How Much Money Makes You Happiest? Princeton Has An Answer
With all of the discussion about the widening income gap in America, you may be wondering where you fall in the equation. Are you earning enough to keep up with the cost of living or do you need to make more to stay apace and live without serious financial stress?
In other words, how much money does it take to be happy?
Proving that, in a way, money really can buy happiness, recent research at Princeton University showed that emotional well being gets better as your income gets higher. At the same time, making a very low income can make a negative situation feel worse. Things that bring down emotional well being -- such as poor health, divorce and being alone -- caused greater emotional harm among those who lived in poverty. But the more money you have doesn't necessarily you are happier.
The Princeton researchers define happiness in two ways: life evaluation, which refers to satisfaction gained in thinking about your life; and emotional well-being, "the frequency and intensity of experiences of joy, stress, sadness, anger, and affection that make one's life pleasant or unpleasant," according to the study.
So we can guess that Buffett is probably pretty pleased with his wealth, but it's not necessarily a source of day-to-day giddiness.
Another reason the famous investor isn't necessarily the most exuberant person in America is that the gains taper off at a certain level reached by about a third of U.S. households in 2008, the year of the data in the 2010 study.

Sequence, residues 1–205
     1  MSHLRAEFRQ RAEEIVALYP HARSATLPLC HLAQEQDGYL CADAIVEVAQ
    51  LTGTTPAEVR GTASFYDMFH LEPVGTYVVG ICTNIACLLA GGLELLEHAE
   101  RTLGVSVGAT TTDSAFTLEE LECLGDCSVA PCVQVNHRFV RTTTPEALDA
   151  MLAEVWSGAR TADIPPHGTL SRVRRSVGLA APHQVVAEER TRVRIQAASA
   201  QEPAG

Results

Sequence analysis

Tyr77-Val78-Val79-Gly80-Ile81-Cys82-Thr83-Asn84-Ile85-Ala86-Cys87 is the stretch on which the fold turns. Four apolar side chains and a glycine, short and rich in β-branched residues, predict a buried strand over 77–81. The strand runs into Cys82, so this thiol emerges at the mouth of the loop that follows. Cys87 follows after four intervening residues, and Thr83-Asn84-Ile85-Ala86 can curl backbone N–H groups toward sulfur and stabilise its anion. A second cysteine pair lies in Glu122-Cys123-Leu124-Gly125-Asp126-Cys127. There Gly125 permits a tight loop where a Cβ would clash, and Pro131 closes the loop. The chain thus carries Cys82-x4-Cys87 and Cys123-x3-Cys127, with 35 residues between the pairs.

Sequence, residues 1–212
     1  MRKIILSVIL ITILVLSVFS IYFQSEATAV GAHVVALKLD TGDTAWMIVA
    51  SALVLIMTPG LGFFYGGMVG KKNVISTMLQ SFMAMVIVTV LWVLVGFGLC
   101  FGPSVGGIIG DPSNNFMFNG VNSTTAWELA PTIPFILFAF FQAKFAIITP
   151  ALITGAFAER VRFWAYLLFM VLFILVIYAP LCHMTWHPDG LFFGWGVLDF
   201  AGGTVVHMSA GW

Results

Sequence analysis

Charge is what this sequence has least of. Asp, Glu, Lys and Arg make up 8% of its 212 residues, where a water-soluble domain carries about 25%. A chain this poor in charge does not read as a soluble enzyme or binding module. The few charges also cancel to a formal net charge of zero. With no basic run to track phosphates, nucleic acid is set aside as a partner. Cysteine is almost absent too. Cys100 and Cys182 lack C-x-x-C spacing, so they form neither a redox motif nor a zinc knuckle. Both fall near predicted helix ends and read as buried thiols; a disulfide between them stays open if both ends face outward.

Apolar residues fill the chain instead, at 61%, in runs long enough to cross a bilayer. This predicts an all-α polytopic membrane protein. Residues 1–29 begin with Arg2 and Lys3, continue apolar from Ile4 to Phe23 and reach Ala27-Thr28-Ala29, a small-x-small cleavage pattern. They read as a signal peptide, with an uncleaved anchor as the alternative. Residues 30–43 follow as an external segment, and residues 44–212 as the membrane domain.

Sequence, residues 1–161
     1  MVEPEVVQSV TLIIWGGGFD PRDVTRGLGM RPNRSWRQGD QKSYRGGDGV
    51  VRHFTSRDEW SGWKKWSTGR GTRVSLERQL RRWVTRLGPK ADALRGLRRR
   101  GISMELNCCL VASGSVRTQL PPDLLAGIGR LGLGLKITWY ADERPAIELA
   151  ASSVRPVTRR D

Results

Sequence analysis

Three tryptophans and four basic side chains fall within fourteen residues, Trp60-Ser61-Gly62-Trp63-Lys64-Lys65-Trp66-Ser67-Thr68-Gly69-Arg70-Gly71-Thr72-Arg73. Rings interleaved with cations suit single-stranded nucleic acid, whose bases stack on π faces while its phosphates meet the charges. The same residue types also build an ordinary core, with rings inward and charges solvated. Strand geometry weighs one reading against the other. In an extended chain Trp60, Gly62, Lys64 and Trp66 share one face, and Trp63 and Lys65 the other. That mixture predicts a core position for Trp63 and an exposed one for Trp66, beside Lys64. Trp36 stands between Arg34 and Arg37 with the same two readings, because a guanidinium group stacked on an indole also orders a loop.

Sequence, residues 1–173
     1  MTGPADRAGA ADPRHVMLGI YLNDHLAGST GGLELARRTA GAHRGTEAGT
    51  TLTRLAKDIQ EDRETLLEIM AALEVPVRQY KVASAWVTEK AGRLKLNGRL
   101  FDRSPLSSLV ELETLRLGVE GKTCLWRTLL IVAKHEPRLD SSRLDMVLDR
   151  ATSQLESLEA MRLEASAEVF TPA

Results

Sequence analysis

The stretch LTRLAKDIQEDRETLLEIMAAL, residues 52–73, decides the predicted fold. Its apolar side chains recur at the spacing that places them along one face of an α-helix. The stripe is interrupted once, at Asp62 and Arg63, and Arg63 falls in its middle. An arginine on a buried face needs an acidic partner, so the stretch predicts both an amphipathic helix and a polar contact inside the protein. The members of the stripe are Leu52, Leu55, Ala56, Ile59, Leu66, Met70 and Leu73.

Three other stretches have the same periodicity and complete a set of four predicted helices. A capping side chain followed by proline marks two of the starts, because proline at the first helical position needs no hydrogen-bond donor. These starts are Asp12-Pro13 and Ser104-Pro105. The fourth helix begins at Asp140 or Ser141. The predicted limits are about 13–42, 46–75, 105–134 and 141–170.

All this makes you wonder: How much money is enough? How much money does it take to be happy?
The researchers found that money has a positive effect on well-being, but not beyond an annual income of about $75,000. But statistics like these can only go so far in guiding you, experts say. If you support a family in a high-cost city like New York or San Francisco, you may be struggling on $75,000 a year, unless you're extremely frugal. But that same income may give you a lot of spending power if, say, you've opted for small-town life in the Midwest.
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Here are some questions to ask yourself to evaluate whether you're earning enough to be happy.
How does your income compare to your outstanding debts? Xavier Epps, owner of XNE Financial Advising in Woodbridge, Va., believes that you'll be in good shape if your income is about 25% of all of your debts (including your mortgage, car payment, credit cards and student loans). So, for instance, if you have borrowed about $250,000, you will need to make $62,500 to avoid economic stress.
"I have clients who have $400,000 in debt and earn 16% to 17% of that amount, and they are miserable," Epps said. If your debt levels are too high, you've got two basic choices to improve your situation: Earn more by taking a part-time job or pay down your debt quickly by cutting back on spending and perhaps by refinancing, he said.
If you're one of the fortunate few who have no debts of any kind, you can, of course, live very well on a lower salary than others who must make significant monthly payments on mortgages, loans and the like, Epps said.
What is the cost of living in your state? Housing, health insurance premiums and taxes can eat up a significant chunk of your income in high-cost states like New York, New Jersey and Massachusetts, so you will need to earn more to live comfortably there, Epps said.